Jump to ContentJump to Main Navigation
George CukorA Double Life$
Users without a subscription are not able to see the full content.

Patrick McGilligan

Print publication date: 2013

Print ISBN-13: 9780816680382

Published to Minnesota Scholarship Online: August 2015

DOI: 10.5749/minnesota/9780816680382.001.0001

Show Summary Details
Page of

PRINTED FROM MINNESOTA SCHOLARSHIP ONLINE (www.minnesota.universitypressscholarship.com). (c) Copyright University of Minnesota Press, 2022. All Rights Reserved. An individual user may print out a PDF of a single chapter of a monograph in MNSO for personal use.date: 30 June 2022

Chaptr Six

Chaptr Six

Chapter:
(p.129) Chaptr Six
Source:
George Cukor
Author(s):

Patrick McGilligan

Publisher:
University of Minnesota Press
DOI:10.5749/minnesota/9780816680382.003.0006

This chapter focuses on some important developments in George Cukor’s career as a Hollywood director, including the deaths of George Cukor’s mother, Helen Gross Cukor, and MGM producer Irving Thalberg during the filming of Camille and the controversy surrounding the 1939 movie Gone with the Wind. Since Cukor’s MGM contract was directly tied to Thalberg’s health, he was duly informed that he was legally entitled to break it within thirty days of the producer’s passing. Nevertheless, the studio made him a generous renewal offer: a five-year contract at the salary of $4,000 weekly. The MGM offer raised the bidding for Cukor, with David O. Selznick of RKO countering with a revised contract package for the director. Cukor agreed to direct Gone with the Wind for Selznick, but he was fired shortly after filming had begun and was replaced by Victor Fleming.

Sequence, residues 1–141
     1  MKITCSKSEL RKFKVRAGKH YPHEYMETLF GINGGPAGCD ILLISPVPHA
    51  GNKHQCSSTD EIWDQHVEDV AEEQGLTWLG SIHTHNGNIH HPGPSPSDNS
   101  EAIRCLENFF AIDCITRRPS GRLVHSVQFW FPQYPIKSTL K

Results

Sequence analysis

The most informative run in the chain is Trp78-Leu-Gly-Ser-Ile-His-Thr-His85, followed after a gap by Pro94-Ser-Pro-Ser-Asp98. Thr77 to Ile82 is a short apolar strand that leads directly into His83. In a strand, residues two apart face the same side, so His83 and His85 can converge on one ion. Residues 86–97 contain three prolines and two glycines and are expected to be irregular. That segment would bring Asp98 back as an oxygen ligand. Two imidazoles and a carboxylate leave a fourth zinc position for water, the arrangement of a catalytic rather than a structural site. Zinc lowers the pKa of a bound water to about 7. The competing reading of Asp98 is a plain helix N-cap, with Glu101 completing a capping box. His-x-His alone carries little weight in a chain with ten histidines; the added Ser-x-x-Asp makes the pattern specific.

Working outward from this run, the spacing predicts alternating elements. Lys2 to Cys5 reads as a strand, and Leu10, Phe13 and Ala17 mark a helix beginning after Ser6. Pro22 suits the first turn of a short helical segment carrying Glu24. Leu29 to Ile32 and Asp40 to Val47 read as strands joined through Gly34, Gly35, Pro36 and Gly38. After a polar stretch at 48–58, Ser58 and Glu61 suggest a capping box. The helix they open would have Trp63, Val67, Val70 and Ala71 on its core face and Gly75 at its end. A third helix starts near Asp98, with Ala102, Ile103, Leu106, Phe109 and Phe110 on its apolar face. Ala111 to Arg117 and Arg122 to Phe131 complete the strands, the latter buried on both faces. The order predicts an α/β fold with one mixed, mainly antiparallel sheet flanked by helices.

Keywords:   George Cukor, Helen Gross Cukor, MGM, Irving Thalberg, Camille, David O. Selznick, RKO, Gone with the Wind, Victor Fleming, Hollywood

Minnesota Scholarship Online requires a subscription or purchase to access the full text of books within the service. Public users can however freely search the site and view the abstracts and keywords for each book and chapter.

Please, subscribe or login to access full text content.

If you think you should have access to this title, please contact your librarian.

To troubleshoot, please check our FAQs, and if you can't find the answer there, please contact us.